Sunday, December 30, 2007
There are less than a handful of T.V. shows that I make it a point to watch every episode -- The Office, Survivor, American Idol and Lost. So after waiting nine + months for a new season, I'm pretty excited to see what is going to happen to the Losties, the Others and whoever else pops up on the Island (or not on the Island) this year.
If you're a fan of the show like me or one who is interested in making Lost part of your regular viewing, ABC has put together a nice little video recap of the show to catch you up before the next new episode airs on January 31st. You can visit ABC's site here to look at the video montage. If the clip (8 minutes, 15 seconds running time) doesn't play automatically, click on the "Catch up on Lost!" in the video window.
Thanks to TV Squad for the heads up on the Lost video.
Wednesday, December 26, 2007
1. Wrapping paper or gift bags?
Definitely wrapping paper. As I told Lori recently, gift bags are just a cop out for people that don't want to take the time to wrap the gift. Unless, of course, it's an odd-shaped gift. Then a gift bag is acceptable. But a gift bag for a book? Come on...
2. Real tree or artificial?
Artificial. I've never really had a real tree, but it seems like a lot of up-keep for the relative little time it is up.
3. When do you put up the tree?
Usually within a week after Thanksgiving.
4. When do you take the tree down?
Sometime in early January.
5. Do you like eggnog?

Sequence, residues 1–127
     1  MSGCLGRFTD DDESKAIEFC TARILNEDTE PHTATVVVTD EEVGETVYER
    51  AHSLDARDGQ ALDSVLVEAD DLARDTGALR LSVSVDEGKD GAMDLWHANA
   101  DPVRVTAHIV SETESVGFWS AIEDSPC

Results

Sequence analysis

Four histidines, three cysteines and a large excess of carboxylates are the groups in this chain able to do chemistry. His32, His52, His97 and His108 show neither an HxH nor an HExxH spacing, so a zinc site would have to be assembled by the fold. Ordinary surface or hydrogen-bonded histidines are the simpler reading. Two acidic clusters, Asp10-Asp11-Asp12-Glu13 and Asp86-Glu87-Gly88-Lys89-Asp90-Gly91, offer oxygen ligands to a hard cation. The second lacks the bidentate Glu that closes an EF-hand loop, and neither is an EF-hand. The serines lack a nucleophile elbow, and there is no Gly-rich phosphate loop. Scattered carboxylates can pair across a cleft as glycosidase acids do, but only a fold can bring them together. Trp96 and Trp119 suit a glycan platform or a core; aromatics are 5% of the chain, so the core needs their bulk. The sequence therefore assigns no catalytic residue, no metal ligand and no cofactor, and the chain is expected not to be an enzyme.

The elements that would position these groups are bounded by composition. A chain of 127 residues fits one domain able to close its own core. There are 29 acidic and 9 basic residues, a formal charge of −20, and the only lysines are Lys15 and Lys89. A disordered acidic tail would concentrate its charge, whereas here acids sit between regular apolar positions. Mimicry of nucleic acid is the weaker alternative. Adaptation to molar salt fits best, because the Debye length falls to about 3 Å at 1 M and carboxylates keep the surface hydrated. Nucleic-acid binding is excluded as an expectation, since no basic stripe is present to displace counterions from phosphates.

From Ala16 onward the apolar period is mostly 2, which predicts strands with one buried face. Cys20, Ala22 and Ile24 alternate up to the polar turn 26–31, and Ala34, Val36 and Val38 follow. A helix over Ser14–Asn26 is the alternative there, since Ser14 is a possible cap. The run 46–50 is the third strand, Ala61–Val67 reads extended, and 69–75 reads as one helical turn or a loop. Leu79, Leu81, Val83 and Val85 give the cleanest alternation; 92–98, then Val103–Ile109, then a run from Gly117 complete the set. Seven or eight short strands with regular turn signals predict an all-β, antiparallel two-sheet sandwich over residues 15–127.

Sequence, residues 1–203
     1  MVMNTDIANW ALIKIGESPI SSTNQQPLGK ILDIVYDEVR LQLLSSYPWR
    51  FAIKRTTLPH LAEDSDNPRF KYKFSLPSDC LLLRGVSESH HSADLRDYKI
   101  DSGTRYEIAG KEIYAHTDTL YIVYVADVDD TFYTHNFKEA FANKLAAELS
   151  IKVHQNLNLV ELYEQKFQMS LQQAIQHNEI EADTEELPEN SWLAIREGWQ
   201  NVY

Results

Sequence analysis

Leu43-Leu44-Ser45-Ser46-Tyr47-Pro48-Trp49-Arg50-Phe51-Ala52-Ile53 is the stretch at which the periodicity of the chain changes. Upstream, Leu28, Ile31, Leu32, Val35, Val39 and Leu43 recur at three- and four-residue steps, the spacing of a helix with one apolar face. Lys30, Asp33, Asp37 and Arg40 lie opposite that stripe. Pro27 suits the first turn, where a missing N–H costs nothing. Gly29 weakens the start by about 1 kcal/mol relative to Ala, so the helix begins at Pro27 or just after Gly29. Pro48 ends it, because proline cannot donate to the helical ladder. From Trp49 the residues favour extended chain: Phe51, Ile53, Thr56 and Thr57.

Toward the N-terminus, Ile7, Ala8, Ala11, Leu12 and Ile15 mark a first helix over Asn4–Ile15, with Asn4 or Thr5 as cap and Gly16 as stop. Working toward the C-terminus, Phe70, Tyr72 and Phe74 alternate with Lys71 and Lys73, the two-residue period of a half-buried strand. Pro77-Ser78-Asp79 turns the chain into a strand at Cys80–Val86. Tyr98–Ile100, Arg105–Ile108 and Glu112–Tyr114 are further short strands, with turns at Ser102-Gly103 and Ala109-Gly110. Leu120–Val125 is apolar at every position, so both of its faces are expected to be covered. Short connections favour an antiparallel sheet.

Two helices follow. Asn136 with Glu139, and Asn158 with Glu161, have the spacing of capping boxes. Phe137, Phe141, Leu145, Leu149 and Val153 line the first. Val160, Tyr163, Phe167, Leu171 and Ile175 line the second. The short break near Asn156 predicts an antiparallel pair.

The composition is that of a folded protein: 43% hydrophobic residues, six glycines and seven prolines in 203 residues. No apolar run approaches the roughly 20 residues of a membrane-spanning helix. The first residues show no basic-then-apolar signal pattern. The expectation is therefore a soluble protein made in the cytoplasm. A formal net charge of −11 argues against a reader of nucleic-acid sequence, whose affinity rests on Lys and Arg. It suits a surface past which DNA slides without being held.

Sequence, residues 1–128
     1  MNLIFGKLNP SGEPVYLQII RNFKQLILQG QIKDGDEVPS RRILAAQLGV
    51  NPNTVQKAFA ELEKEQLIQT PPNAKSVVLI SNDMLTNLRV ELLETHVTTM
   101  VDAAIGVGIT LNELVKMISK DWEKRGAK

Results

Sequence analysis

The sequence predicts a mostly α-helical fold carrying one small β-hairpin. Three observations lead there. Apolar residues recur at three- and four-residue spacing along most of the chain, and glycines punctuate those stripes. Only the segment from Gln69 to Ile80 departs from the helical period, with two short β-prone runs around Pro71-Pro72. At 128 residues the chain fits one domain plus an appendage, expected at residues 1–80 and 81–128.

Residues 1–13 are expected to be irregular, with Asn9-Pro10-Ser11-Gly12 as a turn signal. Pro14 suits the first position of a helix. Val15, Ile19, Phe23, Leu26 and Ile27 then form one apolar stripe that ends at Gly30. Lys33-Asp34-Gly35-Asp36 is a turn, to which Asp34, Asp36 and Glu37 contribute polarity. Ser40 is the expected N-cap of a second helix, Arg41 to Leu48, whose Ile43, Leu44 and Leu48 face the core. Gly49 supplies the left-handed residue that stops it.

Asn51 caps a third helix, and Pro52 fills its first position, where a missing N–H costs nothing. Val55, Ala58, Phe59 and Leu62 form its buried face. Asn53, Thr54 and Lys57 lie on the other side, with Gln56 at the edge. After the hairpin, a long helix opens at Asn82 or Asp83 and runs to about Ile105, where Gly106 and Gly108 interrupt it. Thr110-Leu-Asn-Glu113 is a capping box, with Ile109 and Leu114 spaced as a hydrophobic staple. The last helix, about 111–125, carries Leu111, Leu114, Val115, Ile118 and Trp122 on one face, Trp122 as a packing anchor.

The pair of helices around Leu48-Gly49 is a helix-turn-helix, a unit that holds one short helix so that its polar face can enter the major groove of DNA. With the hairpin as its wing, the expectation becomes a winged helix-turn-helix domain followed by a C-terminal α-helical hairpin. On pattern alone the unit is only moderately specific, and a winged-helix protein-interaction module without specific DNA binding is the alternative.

Sure do! But I just learned that it has like 8,000 calories in each cup so I have to not overdue it.
6. Favorite gift received as a child?
I would have to say the year I got an Atari video game system when I was around 8. For you youngsters out there, Atari was the ultimate system to have back in the Dark Ages before PS3's and XBox's.
7. Do you have a nativity scene?
Several. I think my favorite is a simple pewter set of just Mary, Joseph, and Jesus. Lori and I got it our first Christmas as husband and wife.
8. Hardest person to buy for?
9. Easiest person to buy for?
My kids -- the remind me ad nauseum what they want each year.
10. Worst Christmas gift you ever received?
I would say a white elephant gift that was a used bathroom floor mat. I don't think it had been washed...
11. Mail or email Christmas cards?
Mail. There are some things that just need to be done the old-fashioned way.
12. Favorite Christmas Movie?
It's a Wonderful Life.
13. When do you start shopping for Christmas?
Typically in mid-December.
14. Have you ever recycled a Christmas present?
Yes, but never a used gift.
15. Favorite thing to eat at Christmas?
Anything chocolate (but, of course, that applies for the other 11 months of the year as well.)
16. Clear lights or colored on the tree?
Either is cool with me.
17. Favorite Christmas song?
O Holy Night and Joy to the World.
18. Travel for Christmas or stay home?
Lately, it's been staying home although we like to visit our families when we can.
19. Can you name all of Santa's reindeers?
I think so... Dopey, Sneezy, Doc, Bashful, Grumpy, Happy, Larry, Moe and Curly. Is that all of them?
20. Angel on the tree top or a star?
I think I've had both at one time or another. We have a star on our tree now.
21. Open the presents Christmas Eve or morning?